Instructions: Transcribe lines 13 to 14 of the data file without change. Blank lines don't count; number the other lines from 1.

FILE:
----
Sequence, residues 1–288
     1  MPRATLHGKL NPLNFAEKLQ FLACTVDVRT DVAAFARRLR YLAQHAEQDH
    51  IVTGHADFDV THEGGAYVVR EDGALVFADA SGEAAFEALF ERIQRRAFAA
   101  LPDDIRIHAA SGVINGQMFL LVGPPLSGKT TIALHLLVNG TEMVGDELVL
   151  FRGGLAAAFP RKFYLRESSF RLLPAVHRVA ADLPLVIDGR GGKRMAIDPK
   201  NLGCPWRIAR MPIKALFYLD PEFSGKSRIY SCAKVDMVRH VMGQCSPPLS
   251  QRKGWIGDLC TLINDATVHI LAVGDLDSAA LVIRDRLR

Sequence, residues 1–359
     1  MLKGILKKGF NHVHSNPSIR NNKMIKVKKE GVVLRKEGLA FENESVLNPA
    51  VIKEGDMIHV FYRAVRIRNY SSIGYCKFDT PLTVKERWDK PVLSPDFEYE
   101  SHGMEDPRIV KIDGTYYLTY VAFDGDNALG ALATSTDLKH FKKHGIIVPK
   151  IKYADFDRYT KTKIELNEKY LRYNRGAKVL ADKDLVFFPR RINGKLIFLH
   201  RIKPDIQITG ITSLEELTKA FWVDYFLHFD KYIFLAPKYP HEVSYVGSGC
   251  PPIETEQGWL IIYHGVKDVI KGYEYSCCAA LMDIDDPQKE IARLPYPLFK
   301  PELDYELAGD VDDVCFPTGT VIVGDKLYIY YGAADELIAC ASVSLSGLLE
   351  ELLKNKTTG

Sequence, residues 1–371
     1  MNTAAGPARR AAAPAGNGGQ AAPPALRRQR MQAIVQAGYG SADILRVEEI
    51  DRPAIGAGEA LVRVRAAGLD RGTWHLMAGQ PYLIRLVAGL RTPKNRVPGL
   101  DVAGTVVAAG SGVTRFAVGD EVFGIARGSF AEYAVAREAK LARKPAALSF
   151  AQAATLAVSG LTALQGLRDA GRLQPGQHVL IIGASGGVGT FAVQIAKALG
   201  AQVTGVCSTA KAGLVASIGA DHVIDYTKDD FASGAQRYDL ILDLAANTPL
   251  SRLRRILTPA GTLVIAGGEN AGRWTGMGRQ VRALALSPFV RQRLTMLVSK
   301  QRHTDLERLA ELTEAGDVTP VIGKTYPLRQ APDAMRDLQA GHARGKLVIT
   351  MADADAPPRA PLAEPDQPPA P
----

   201  RIKPDIQITG ITSLEELTKA FWVDYFLHFD KYIFLAPKYP HEVSYVGSGC
   251  PPIETEQGWL IIYHGVKDVI KGYEYSCCAA LMDIDDPQKE IARLPYPLFK